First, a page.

Sens. Mike Lee (R-Utah) and Rand Paul (R-Ky.) criticized the Senate on Tuesday for negotiating a $484 billion CCP virus relief package while the majority of Senate lawmakers remained in their home districts.
Both Republicans voiced profound concerns about approving the provisions in the phase 3.5 relief bill without a recorded vote. While neither Lee nor Paul blocked the bill, they did imply that they would not allow such a process with future legislation.
“Again, this is not acceptable. We should not be passing major legislation especially legislation nearly a half-trillion dollars in new spending without Congress actually being in session,” Lee said from the Senate floor. “Without members actually being here to debate, discuss, amend, and consider legislation and vote on it individually.”
“Even more alarming than the money is the idea that one senator can stand on the floor and pass legislation spending a half a trillion dollars and have no recorded vote and no debate,” added Paul, who said he came back to the chamber “so that history will record that not everyone gave in to the massive debt Congress is creating.”
The phase 3.5 relief legislation that passed Tuesday will provide billions to the Paycheck Protection Program, which ran out of money last week, as well as to hospitals. The nearly half-trillion-dollar package comes shortly after Congress passed a $2 trillion rescue package to mitigate the economic effects of the pandemic.
“The upcoming challenges are far too numerous, and onerous and complex to leave up to, just a few staff meetings behind closed doors,” Lee said.
While Lee disapproved of the process used to negotiate and pass the current relief bill, Paul’s criticism aimed more at the government’s indiscriminate payments to individuals and families, and the increase in national debt.
“If we were going to make discreet payments, direct payments, the criteria should have been sending checks to people who needed it: people who lost their jobs, people furloughed, people who had wage cuts,” said Paul. “Instead of directing help to the unemployed, though, some of these bailout checks will go to people, couples who earn nearly $200,000 a year.”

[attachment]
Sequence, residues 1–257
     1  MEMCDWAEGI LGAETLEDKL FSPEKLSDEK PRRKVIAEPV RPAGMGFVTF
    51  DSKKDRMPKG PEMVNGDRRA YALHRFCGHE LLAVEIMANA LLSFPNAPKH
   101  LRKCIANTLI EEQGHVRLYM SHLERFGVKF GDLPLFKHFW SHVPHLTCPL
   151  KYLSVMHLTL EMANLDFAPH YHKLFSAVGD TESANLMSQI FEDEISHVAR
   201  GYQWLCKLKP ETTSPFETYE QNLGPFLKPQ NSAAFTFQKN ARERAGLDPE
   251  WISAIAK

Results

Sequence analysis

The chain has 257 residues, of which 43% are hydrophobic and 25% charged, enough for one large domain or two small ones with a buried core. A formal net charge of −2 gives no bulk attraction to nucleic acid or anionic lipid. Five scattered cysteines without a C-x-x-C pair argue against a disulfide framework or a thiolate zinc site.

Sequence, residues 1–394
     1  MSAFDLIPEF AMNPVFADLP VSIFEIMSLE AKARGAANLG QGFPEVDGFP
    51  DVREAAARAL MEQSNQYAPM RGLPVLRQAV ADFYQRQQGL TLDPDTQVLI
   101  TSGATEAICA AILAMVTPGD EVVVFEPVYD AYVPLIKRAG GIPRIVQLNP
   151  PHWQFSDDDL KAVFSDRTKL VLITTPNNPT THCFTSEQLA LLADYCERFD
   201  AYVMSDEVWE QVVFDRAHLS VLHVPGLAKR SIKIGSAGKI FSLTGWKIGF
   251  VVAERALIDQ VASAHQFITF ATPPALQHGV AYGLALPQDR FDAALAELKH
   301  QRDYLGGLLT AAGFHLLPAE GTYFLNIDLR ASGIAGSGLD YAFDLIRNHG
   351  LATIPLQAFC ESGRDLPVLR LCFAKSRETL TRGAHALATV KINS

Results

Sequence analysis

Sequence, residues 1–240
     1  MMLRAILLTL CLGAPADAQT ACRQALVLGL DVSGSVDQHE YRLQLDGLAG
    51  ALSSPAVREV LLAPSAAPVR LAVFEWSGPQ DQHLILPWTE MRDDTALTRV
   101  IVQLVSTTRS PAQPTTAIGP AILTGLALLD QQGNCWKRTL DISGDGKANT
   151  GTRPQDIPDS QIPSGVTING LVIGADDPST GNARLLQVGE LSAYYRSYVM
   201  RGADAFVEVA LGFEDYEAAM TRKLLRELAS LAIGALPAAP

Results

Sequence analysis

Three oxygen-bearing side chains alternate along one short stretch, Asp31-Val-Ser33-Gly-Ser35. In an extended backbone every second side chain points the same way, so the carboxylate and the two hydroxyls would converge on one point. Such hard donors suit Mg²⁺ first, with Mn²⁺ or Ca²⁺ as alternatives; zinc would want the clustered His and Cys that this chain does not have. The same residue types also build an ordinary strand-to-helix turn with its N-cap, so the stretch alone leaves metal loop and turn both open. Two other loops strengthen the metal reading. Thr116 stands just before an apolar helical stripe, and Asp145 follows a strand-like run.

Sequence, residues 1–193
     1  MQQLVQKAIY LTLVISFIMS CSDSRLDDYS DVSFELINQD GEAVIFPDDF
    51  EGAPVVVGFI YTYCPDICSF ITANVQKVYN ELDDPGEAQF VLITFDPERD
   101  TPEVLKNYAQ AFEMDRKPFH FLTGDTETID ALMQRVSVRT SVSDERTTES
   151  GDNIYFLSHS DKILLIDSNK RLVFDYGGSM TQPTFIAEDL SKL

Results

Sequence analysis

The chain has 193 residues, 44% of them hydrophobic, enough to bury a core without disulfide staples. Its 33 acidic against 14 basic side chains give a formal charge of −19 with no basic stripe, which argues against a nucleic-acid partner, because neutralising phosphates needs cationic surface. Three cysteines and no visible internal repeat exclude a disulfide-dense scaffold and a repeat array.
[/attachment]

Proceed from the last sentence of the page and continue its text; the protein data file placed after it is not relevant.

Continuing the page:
Senators Call for Lawmakers to Return to Capitol Hill
Lee praised essential workers and citizens for their hard work during the pandemic, but said that Congress needs to do more to earn its paycheck.
“Only returning to work, and indeed actually working will give the American people the government they deserve. The American people need to know who is helping them and who simply playing politics. We can’t allow them to know that if we’re not in session,” Lee continued.
Senator Paul echoed Lee’s call to get lawmakers back to Capitol Hill as soon as possible and quarantines lifted.
“No amount of bailout dollars will stimulate an economy that is being strangled by quarantine,” Paul said. “It is not a lack of money that plagues us but a lack of commerce.”
The Kentucky Senator called for reopening the economy as soon as safely possible, which he said will require moving beyond one-size-fits-all policies. He also offered encouraging statistics about the lethality of the virus.
“The number of people who have already developed antibodies to the coronavirus is 25 to 50 times higher than the number that has been reported as infected. This is great news. This study means that the mortality rate may well be 25 to 50 times less deadly than previously thought.”
The Trump Administration issued national guidelines for reopening the economy on April 16, but each state has the discretion to follow the timeline as they see fit.
Senate and House members are slated to return to Capitol Hill on May 4, but Republican senators speaking from the Senate Chamber Tuesday urged Senate leaders to consider returning sooner.
“Unlike millions of our constituents, Members of Congress are still receiving paychecks. It’s time for us to earn them. It’s time to do our job. It’s time to return to Washington, and get to work,” Lee said. “We can choose to legislate, in which case we have to convene, or we can stay in recess and not legislate. Those really are the only two options.”